Crimes of identity theft have been occurring on a more massive scale, than in the decades past. In the past five years alone there have been significant increases in the number of victims reported. In 2005 the FTC accounted for 8.3 million American victims of identity theft. And only four years later that number rose nearly 25 percent to 11.1 million, according to Javelin Strategy & Research.
Even though the risk is rising, you can still protect yourself and your loved ones.
There are a variety of methods identity theft criminals can use to obtain access to your financial resources. Knowing their most common tactics can help you prevent your private information from falling into the wrongs hands.
A common method thieves use to obtain credit card information is to insert software into the credit card processor’s systems. When your credit card is swiped, the information is sent to the card processor and the crook is able to extract the information, even from a remote location.
With your financial information in hand, the thief can imprint it onto a new card to either sell or use.
In this case, your personal information such as your Social Security number and account numbers are not in jeopardy. However, the thief has effectively gained access to your credit card or debit card. If they have this information, they can run up debt which can negatively affect your credit score.
Some identity theft criminals take a more hands-on approach and look through your garbage to find private documents containing your personal information, such as your name, home address, employer or identify companies with whom you conduct business. Many thieves will look specifically for bank statements and pay stubs, so be sure to shred these documents before you throw them in the trash.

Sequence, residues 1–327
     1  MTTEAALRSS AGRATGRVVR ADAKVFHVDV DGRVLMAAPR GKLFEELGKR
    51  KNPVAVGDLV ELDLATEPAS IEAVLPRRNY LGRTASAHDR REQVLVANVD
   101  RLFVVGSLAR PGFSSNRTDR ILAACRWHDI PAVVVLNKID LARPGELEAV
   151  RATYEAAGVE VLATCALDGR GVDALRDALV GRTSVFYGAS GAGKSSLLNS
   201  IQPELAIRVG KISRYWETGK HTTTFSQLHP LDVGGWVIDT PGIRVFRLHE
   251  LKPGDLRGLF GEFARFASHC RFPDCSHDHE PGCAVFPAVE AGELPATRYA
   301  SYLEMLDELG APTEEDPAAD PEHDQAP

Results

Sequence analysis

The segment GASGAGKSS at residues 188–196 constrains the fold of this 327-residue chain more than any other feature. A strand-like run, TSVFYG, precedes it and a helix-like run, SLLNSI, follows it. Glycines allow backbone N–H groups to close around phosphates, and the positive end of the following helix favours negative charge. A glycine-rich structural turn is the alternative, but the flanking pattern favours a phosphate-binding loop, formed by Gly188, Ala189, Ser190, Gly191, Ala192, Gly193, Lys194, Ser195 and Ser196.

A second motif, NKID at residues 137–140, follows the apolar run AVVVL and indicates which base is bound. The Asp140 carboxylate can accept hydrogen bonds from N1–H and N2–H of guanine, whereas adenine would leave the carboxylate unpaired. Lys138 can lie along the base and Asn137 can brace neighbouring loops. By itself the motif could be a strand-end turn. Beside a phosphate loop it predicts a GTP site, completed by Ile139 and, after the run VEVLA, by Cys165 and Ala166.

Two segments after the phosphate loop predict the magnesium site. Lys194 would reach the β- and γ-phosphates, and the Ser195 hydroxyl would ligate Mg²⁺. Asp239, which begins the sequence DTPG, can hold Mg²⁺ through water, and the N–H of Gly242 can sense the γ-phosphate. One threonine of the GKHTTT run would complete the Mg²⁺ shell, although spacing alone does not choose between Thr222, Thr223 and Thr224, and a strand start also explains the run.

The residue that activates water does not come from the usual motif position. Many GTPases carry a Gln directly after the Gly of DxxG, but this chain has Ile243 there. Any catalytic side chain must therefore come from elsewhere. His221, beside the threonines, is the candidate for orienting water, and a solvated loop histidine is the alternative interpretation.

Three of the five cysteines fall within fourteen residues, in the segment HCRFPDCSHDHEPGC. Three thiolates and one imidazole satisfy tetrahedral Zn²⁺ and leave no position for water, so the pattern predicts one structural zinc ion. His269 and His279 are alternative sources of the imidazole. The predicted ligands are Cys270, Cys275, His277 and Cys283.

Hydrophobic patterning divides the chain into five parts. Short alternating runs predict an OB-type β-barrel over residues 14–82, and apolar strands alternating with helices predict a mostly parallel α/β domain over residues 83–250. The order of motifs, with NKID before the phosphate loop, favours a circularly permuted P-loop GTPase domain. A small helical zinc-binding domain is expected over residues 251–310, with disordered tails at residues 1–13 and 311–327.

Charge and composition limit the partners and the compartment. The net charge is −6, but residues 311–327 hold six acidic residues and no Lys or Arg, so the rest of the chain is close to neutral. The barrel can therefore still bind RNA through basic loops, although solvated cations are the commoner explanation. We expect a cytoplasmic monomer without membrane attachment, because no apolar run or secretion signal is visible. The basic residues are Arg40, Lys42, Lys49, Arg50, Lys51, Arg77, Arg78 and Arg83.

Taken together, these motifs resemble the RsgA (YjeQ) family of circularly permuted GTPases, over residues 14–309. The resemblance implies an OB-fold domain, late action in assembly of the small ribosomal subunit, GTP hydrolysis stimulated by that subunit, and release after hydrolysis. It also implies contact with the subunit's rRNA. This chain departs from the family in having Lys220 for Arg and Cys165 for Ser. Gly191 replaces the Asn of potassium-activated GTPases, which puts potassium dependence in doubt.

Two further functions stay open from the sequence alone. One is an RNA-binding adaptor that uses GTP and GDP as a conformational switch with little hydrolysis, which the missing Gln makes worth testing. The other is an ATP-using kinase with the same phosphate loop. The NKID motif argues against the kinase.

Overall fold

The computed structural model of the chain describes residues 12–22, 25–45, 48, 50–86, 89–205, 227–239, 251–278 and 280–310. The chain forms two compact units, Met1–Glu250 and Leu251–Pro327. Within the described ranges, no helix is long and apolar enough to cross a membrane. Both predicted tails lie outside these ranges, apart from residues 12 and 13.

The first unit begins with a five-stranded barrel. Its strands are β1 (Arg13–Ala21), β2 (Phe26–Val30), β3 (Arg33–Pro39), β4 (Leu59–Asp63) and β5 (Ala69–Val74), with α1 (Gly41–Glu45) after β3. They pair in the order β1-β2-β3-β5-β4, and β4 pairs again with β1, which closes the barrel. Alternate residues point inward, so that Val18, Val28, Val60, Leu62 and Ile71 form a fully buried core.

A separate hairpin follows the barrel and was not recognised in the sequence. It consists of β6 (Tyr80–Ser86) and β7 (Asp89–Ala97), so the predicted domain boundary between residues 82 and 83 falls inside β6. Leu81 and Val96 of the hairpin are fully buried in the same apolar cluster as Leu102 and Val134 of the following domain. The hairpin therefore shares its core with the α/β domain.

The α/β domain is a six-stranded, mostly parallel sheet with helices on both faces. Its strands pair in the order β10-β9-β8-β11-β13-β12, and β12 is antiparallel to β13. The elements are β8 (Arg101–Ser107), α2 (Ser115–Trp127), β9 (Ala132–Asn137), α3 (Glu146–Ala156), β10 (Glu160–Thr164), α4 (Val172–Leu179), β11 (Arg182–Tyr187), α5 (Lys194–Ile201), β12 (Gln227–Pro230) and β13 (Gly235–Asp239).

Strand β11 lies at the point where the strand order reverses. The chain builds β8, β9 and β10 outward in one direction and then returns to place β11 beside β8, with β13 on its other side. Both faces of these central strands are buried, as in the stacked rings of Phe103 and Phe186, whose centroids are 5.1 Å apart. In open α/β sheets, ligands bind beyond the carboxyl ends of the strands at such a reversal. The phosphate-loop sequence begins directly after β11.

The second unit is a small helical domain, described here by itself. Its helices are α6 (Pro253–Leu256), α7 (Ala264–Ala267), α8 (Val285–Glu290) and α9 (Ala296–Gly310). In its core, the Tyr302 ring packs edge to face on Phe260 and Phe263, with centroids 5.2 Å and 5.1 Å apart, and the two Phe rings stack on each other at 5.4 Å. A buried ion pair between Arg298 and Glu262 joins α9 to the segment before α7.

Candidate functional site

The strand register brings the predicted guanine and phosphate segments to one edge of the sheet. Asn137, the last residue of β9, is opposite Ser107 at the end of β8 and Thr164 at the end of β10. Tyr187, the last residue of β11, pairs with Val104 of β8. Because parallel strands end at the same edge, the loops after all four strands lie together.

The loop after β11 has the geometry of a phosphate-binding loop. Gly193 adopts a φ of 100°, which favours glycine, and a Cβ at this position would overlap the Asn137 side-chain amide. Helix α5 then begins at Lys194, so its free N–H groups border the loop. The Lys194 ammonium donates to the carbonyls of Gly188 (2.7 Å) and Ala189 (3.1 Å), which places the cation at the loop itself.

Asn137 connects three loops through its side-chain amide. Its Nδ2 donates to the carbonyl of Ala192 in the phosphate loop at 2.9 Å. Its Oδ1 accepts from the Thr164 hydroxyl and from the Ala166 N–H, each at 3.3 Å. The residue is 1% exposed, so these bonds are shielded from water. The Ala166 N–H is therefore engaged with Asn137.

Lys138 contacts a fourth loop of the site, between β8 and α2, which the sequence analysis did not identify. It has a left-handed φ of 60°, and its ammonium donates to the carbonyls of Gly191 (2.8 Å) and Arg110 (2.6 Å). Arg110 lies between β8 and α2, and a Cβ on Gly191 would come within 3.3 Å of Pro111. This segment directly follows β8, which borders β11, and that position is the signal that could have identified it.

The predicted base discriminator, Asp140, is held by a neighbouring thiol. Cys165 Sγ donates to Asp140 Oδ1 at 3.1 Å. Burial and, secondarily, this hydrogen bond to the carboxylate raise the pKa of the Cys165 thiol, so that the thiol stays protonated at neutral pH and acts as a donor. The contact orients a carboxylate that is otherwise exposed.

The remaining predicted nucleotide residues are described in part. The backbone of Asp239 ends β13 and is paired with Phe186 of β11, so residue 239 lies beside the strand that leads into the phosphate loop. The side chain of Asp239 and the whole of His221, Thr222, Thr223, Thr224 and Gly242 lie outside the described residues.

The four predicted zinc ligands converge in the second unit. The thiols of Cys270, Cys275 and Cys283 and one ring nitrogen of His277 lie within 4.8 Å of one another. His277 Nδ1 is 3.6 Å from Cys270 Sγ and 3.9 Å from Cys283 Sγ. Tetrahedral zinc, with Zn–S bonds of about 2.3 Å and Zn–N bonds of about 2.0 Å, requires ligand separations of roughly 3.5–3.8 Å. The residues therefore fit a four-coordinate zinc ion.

You may want to ask your employer about their methods of disposing important papers, as many companies do not securely discard information.
This method allows criminals to pose as companies with whom you may or may not do business with, in order to hopefully trick you into giving them additional information or money. The emails can be very convincing and may even look identical to a legitimate company's email. One way to detect a fraudulent message is to check for misspellings. Another way to fight phishing attacks is to guard your personal information; if you’ve already finalized a transaction and they are asking for more information call the company directly.
What To Do if You Become an Identity Theft Victim
Notify your bank right away. They will be able to place a block on your cards and reimburse you for unauthorized charges.
Contact the three credit bureaus, who can place a fraud alert on your credit report. This will ensure that additional information is required before opening accounts in your name.
- Regularly check all your financial accounts and credit report to keep up with any unusual activity.